Iran Nuclear Program May Have Ability To Produce Weapons-Grade Plutonium Next Summer
Iran may be able to begin producing weapons-grade plutonium by next summer at a separate nuclear facility, a development that surprised nuclear officials but might also provide an easier target for a potential attack on the Iranian nuclear program.
“It really crept up on us,” an official at the International Atomic Energy Agency’s Vienna headquarters told the Wall Street Journal.
According to the Wall Street Journal, Iran has made significant progress on the construction of a heavy water nuclear reactor that was started in 2004 in Arak in northwestern Iran. The reactor under construction is capable of producing uranium fuel. The “spent fuel” resulting from the process of a nuclear reaction contains small amounts of plutonium, which can be used for a nuclear bomb. Other countries such as North Korea, Pakistan and India have produced bombs from plutonium.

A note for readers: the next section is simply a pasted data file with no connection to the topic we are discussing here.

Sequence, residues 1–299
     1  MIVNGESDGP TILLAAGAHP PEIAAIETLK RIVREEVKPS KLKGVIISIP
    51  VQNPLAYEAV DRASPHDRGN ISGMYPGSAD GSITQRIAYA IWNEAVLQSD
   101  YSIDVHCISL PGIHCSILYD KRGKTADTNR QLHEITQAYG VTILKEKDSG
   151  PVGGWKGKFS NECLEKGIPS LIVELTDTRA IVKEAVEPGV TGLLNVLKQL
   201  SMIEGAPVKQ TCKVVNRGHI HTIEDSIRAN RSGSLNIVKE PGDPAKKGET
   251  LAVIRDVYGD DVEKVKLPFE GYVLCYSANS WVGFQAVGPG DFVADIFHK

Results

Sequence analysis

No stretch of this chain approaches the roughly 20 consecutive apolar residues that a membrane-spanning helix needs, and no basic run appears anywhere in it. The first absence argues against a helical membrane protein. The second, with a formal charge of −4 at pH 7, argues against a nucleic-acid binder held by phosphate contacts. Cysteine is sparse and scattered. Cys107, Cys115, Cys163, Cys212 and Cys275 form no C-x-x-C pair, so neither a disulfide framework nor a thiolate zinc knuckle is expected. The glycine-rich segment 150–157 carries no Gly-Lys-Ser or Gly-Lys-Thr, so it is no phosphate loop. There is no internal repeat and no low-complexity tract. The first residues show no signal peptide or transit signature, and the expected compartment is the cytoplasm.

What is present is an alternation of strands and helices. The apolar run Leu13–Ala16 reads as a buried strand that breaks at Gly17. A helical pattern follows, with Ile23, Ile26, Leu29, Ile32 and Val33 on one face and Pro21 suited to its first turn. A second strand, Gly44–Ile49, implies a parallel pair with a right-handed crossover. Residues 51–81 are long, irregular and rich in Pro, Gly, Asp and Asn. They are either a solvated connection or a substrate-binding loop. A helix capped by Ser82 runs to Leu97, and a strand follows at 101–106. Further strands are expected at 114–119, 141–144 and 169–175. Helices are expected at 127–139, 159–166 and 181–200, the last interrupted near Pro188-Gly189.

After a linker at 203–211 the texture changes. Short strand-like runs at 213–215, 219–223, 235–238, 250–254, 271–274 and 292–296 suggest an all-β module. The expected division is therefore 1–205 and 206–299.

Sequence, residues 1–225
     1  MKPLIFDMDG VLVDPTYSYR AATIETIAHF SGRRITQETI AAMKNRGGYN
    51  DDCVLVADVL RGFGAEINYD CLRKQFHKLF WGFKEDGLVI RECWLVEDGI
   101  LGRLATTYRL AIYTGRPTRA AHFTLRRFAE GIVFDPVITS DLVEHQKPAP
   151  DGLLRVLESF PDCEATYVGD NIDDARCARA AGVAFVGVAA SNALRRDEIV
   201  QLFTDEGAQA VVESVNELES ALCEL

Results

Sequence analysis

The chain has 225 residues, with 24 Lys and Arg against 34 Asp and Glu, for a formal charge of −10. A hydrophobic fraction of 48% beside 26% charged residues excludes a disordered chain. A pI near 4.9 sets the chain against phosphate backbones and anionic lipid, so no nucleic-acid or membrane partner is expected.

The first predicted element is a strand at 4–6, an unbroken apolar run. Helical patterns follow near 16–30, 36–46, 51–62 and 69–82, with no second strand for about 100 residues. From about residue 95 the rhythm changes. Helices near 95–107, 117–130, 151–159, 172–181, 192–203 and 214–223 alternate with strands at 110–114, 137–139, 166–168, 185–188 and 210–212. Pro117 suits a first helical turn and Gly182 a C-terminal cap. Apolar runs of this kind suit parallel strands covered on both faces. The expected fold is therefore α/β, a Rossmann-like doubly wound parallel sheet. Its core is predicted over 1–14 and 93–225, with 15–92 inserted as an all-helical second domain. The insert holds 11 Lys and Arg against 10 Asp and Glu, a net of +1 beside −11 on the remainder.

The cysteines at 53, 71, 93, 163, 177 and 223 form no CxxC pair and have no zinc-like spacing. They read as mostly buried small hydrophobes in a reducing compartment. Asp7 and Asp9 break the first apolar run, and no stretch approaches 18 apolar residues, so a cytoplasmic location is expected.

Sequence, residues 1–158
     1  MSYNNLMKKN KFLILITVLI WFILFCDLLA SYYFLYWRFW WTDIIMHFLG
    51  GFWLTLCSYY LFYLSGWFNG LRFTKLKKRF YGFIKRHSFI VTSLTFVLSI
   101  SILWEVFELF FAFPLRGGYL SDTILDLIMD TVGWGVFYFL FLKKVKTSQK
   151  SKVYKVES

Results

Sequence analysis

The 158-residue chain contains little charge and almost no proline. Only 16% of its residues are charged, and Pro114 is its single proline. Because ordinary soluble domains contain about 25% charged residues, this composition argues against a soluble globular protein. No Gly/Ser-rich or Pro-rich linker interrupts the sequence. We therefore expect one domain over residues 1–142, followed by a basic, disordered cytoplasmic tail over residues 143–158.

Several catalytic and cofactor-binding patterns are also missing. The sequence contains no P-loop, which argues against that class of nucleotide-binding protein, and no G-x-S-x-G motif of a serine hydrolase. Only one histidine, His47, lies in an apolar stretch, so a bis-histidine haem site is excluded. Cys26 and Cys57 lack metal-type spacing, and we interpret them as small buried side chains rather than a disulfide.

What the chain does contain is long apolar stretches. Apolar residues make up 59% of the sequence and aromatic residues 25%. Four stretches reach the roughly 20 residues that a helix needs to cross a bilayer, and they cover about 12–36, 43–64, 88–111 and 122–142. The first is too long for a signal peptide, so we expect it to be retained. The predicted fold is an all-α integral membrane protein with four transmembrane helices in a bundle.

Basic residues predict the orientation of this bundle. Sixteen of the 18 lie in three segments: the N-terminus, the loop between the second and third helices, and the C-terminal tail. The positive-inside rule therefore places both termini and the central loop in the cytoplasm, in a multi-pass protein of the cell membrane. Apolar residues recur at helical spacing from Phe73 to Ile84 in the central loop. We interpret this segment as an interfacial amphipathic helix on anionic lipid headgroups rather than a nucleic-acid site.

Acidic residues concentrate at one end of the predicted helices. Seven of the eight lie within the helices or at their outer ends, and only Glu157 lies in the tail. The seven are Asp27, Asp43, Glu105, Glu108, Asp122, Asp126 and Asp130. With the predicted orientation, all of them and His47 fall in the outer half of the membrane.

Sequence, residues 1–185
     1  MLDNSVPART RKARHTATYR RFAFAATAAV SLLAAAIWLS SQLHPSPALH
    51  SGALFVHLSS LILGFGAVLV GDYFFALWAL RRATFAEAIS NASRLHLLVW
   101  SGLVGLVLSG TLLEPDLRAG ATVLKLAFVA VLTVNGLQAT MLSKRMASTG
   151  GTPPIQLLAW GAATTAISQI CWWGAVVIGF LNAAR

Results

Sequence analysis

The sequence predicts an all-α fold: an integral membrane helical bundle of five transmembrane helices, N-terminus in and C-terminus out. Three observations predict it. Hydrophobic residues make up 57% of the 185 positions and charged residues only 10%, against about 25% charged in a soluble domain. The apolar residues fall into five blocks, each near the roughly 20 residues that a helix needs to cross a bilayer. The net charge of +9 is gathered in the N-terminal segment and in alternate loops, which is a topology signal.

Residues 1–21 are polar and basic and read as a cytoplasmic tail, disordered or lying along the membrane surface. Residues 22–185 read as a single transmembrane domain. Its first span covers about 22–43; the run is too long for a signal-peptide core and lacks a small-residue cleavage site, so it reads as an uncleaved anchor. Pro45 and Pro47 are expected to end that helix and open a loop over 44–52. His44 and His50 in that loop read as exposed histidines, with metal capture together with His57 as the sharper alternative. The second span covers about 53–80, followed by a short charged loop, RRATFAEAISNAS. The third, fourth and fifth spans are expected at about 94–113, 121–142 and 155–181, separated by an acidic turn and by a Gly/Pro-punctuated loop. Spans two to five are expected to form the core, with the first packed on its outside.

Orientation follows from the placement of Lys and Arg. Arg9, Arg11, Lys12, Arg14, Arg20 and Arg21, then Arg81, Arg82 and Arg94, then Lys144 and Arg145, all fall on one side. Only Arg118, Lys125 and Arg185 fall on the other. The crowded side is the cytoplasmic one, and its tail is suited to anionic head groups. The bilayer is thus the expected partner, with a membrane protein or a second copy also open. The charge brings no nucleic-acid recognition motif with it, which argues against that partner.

U.S. and United Nations officials believe that the Arak facility might be able to produce two plutonium bombs per year.
But according to analysts, the Arak facility may be an easier target for Israel or the U.S. since it is not underground, like Iran’s other facilities in Qom and Natanz.
“There’s no question that the reactor and its heavy water are more vulnerable targets than the enrichment plants,” Gary Samore, who served as President Barack Obama’s top adviser on nuclear issues during his first term, told the Wall Street Journal.
Suzanne Pollak writes for JT’s sister publication, Washington Jewish Week.
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